See also: Promise FastTrak ATA RAID controller.
A while back, the Storage Review took a look at Promise's FastTrak, an ATA RAID controller that provides a viable alternative to more expensive SCSI adapters in striping and mirroring applications. In those tests, we found that the controller in RAID 0 (striping) configuration provided a dramatic increase in sequential data transfer (STR). Though this translated into a relatively modest performance increase in WinBench 98's high-level application tests, such an increase in STR is a boon to those performing non-linear A/V editing.
Windows NT Workstation 4.0 features a built-in function that allows spans of spaces on two different drives to be used in a striped configuration. Though NT's Disk Administrator is actually pretty flexible in allowing the user to create a striped pair in a variety of setups, the ideal configuration is the complete striping of all space between two identical drives.
One does run into some logistical problems when running an NT software-striped pair when using ATA drives. First off, a system can't be booted off of a striped partition. This makes sense, of course, since OS support of a function needs to be "primed" by booting up the OS itself. Thus, if two identical drives are going to be wholly devoted to the striped pair, NT must be installed on a third boot drive. As we all know, motherboards today have only two ATA channels. In our testing of drives, we always have the boot drive connected to the primary controller while the test drive resides by itself on the secondary channel. Just simple insurance to minimize the effect of contention between two drives on the same channel. So, how does one set up a software-striped drive pair? At all costs, avoid setting up the two drives within the stripe on the same channel- you'll lose virtually all the promised performance gain. We ended up with one of the pair as a slave on the primary controller and with the other drive as the master on the secondary channel. Though it wasn't good for my piece of mind, such a setup should not limit performance within the context of benchmark that's running tests -only- on the striped pair. When running a setup in real-word usage, however, the user should take care to minimize access of the boot drive- all applications should be installed to the striped pair as should NT's swapfile. Of course, all this headache could be avoided in several ways. An all SCSI setup (SCSI boot drive and two identical SCSI units in the striped pair) wouldn't be subject to the same limitation. You could add more ATA channels also, though if you're going to go out of your way to buy a controller and give up system resources for it, you may as well just use a FastTrak.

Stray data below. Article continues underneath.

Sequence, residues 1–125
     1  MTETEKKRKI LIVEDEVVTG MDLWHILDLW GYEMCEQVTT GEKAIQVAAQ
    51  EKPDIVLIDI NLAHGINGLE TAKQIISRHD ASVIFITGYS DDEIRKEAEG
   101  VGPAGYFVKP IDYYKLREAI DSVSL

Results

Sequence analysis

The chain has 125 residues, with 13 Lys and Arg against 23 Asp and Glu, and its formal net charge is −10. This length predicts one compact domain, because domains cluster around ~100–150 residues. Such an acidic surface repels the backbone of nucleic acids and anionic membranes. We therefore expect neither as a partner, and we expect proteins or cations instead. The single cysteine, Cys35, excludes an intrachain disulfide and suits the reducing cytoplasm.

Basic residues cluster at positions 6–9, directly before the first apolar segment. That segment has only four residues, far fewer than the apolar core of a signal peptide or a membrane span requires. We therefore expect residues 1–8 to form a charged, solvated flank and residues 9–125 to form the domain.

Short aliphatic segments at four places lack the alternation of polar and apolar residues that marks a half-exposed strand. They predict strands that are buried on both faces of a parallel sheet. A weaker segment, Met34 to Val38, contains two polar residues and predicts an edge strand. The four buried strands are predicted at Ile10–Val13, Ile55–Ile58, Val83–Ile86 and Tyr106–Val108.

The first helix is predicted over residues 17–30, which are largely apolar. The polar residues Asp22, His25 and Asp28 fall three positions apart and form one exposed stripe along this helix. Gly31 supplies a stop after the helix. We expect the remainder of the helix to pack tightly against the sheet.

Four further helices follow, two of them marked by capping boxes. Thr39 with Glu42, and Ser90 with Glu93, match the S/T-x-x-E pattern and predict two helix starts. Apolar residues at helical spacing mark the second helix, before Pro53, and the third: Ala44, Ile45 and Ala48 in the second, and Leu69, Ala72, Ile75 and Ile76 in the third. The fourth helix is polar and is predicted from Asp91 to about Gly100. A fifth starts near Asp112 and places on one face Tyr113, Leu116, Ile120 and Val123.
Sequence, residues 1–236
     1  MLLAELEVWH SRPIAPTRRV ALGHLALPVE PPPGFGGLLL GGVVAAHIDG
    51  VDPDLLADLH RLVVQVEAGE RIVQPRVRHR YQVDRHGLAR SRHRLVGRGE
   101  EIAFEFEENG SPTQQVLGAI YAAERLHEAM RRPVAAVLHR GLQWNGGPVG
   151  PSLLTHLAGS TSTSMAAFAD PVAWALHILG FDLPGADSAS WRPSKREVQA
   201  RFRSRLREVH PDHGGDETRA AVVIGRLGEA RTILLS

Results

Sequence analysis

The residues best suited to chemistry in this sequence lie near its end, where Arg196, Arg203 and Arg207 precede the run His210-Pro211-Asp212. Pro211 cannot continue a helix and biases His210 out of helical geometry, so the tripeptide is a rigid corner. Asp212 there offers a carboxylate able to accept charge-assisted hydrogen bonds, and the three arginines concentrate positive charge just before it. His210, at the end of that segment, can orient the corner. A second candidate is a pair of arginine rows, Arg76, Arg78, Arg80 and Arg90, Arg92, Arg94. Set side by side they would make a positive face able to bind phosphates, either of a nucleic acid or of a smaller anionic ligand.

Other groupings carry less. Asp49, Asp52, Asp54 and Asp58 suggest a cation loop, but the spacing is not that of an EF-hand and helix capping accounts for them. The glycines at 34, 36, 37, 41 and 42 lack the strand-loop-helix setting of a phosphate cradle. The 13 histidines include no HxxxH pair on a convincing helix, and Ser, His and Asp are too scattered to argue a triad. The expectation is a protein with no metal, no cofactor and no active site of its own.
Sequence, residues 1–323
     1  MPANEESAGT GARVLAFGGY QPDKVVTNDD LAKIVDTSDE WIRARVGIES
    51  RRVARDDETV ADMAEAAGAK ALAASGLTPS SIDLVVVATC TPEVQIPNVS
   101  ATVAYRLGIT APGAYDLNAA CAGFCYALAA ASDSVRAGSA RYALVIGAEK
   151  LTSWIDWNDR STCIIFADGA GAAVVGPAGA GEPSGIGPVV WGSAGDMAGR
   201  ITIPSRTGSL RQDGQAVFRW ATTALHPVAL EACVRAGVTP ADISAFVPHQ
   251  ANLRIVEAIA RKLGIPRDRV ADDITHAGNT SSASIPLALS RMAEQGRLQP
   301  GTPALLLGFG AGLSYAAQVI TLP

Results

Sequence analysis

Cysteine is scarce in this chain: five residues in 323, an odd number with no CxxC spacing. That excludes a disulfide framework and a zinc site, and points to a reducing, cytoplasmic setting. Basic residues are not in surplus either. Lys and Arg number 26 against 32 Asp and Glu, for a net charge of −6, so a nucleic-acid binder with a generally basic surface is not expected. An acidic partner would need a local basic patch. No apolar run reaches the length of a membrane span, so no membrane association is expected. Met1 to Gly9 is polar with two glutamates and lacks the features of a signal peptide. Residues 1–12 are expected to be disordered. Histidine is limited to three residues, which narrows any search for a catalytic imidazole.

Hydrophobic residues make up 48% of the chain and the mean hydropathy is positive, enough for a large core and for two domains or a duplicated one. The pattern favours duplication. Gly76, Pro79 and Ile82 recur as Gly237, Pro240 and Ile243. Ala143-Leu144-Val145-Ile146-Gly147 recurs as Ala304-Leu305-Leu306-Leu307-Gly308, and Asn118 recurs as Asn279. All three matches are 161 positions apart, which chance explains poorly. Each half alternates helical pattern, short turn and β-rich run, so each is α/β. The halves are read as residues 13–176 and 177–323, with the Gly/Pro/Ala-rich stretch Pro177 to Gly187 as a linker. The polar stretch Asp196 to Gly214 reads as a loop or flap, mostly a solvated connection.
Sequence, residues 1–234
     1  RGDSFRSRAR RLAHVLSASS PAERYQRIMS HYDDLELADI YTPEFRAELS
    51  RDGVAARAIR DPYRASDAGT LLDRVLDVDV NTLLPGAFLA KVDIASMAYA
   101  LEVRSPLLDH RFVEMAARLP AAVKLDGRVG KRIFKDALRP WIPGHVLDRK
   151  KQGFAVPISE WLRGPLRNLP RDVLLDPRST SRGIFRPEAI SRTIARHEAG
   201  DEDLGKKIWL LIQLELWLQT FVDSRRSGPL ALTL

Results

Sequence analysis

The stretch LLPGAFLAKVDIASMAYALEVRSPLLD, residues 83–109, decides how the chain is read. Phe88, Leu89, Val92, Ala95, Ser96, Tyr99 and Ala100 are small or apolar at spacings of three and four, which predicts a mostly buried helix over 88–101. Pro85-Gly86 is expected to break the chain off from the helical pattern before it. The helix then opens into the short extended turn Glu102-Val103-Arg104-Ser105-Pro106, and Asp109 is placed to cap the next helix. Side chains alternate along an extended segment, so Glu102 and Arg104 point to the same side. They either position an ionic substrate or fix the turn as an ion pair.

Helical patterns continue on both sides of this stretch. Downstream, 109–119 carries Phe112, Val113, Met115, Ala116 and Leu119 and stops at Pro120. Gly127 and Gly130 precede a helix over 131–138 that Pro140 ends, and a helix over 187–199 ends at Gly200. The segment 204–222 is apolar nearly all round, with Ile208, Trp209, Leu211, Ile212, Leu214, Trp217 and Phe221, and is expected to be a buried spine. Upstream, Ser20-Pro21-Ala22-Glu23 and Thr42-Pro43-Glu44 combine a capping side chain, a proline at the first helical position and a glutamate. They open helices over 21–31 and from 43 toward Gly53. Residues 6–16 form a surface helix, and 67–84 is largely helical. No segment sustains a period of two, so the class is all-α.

For the RAID, we decided to use a pair of DiamondMax Plus 2500's, the top ATA performer in Windows NT. Formatting the stripe did result in a problem. Whenever we test drives under NT, we partition the test unit as an extended volume. We've never run into problems formatting even the largest drives with such methodogy. Setting up a primary partition on a test drive larger than 8.4 gigs, however, usually results in a failed format. Since we did not get the option to choose between "primary" and "extended" when setting up a striped pair, attempts to format the drive always failed. It turns out that there's a patch that can fix this problem at http://support.microsoft.com/support/kb/articles/q183/6/54.asp. Thanks to Dagfinn R. for the pointer. Using this patch, we were successfully able to format the single 20GB partition both with NT's software striping and with the Promise FastTrak (results presented for comparison).
I have to admit that I went into these tests with a preconceived notion that hardware-based striping would outperform NT's software function, in CPU utilization if not anything else. Surprisingly, however, software-striping mananged to keep pace with the FastTrak in all categories. Further, software striping ended up actually being slightly -less- CPU intensive per kilobyte transferred. In all high-level tests, the software came within 2% of the figures posted by the FastTrak controller. In terms of low-level sequential data transfer, software-striping topped out at 26.6 MB/sec. The Promise adapter, on the other hand, turned out a true doubling of a single drive's score, 29.8 MB/sec.
So, in terms of raw performance, NT software-raid striping is just as fast as hardware-based RAID 0. Again, however, it is less flexible, especially when working in the confines of the ATA interface. With a pair of SCSI drives, it's a boon-- SCSI's natural flexibility means one gives up relatively little to run the drives in an NT striped pair. In an ATA system, however, implementing software striping means that you're going to give up the "pristine" setup of having only one device per channel. If on top of all of this you're also using an ATAPI CD-ROM, it all gets quite nasty in my opinion. In such cases, the flexibility of adding the Promise FastTrak still makes it quite a compelling option. The two striped drives can then reside on the single-IRQ FastTrak (which also allows you to boot off of the striped drives) and the ATAPI CD-ROM can remain on its motherboard-based channel. The boot drive used with software striping would no longer be necessary. All in all, the FastTrak provides a cleaner, faster setup than the jumble you'd end up with when using 3 ATA drives and an ATAPI CD-ROM on two ATA channels.